Whether you are investing in a friend’s company or in a stock of a company, it is incredibly important that you do your due diligence before making any type of commitment. Investing in private companies is not easy. When you buy stock or invest your own money into a company, you are not simply getting a piece of paper. Rather you are becoming part owner of that company.
Now before you invest in a company, it is vital that you do your homework. When I talk about homework, I am talking about the history and financial status of the company you are thinking about investing in. But what if you didn’t do your due diligence? What if you decided to go on a whim? Imagine investing in stock from an unknown company. All you know is that your best friend’s cousin highly recommended it. Like anyone in finance, this is incredibly risky move. At one end, you could be lucking out and have invested in a company whose profits grew throughout the year. At the other end, you could have invested in a company that does poorly over the next few months and lose a majority of your investment. Regardless of the wins or loses, increasing your odds is always the smarter move. That is why I highly encourage you to analyze the overall situation before making that big leap.
One thing you want to keep in mind is that there is no such thing as a sure thing. Investing in a private company has many risks, especially when you are talking about your life savings or long term investments. My best advice is to do a lot of the work upfront to increase your odds of success. Below, I have outlined a variety of topics to research so that you can make the best well-informed decision.
Research the Chief Executive Officer
The Chief Executive Officer (CEO) is the most senior corporate administrator or executive in charge of managing the overall organization. Making sure there is a strong leader behind the company is incredibly important. Now I am not asking you to call up the CEO of a big business firm and ask why you should invest in their company. Rather ask yourself various questions on whether or not the CEO is a strong representative of the company. If they are not, then do not invest. If they are, then continue your research. Certain questions you want to ask are:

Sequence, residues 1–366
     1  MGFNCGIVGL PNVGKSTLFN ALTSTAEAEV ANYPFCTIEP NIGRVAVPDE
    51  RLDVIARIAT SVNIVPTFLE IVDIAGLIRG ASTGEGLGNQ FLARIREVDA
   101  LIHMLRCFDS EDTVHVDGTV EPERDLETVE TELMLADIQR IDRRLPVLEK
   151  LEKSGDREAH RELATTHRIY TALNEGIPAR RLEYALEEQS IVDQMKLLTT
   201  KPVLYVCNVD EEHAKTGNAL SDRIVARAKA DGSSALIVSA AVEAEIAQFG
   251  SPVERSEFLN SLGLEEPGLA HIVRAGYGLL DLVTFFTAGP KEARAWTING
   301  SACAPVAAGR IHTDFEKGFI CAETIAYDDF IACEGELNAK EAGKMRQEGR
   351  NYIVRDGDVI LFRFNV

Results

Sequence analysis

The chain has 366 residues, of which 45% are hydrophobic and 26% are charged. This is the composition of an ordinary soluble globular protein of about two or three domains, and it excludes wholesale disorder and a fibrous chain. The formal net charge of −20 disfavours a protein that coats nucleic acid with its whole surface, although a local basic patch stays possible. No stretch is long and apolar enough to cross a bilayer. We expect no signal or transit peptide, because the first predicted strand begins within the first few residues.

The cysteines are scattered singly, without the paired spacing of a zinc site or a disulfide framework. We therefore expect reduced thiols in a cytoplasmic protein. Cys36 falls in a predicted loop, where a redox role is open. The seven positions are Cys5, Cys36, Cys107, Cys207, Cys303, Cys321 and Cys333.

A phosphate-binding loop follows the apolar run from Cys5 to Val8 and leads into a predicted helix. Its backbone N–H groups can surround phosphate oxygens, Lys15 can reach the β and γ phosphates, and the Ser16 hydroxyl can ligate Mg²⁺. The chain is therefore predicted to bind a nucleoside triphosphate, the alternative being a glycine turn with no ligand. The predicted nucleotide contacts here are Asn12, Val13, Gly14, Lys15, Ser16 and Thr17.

- Do you share the same vision and goals of the CEO of the Company?
- Do you believe in the values and direction the CEO is pushing for the company?
- Can the CEO execute in their vision? What have they done to prove this?
- Does the CEO have the right experience to run the company for the next 5, 10, 20 years?
Analyze the company’s business model
A business model is an abstract representation of an organization. The overall model should essentially break down the strategy that a company will use to maximize its profits in its industry or field. Similar to the CEO you want to ask specific questions to make sure that the company is going in the right direction. In addition, research the overall company and try and find specific trends. While this may not be as accurately as you would expect, this does give you the holistic view and history that your company was in specific situation. If there was at any point in which the company was in danger, try and see how they were able to strategies in optimizing for the most correct path.
Net Income, Revenue, Cost, Profit Margins
This is by far one of the most important steps you can take in holistically viewing your company on a financial basis. Begin by analyzing this in parts. Start off by analyzing the revenue. Revenue is simply the raw amount of money the company made from sales of its products or services. One you see the revenue, take a look at the cost. Cost is the value of money that has been used up to produce the company’s product and services. This can range from main expenses such as salary or material or miscellaneous expenses such as snacks and office supplies. When viewing this, you want to see that the company is utilizing its funding properly. After you have gained this information, view the net income, or the profit, will give you the bottom line of how much the company pulls. Looking at its annual history of its net income and profit margins will be a sufficient amount of information to make your decision to invest.
Talk to a Lawyer or Financial Advisor
If you were still weary of making an investment even after doing all of this thorough research, I would best advise you to seek professional expertise on this situation. Financial advisors or business lawyers can help you though the overall financial jargon.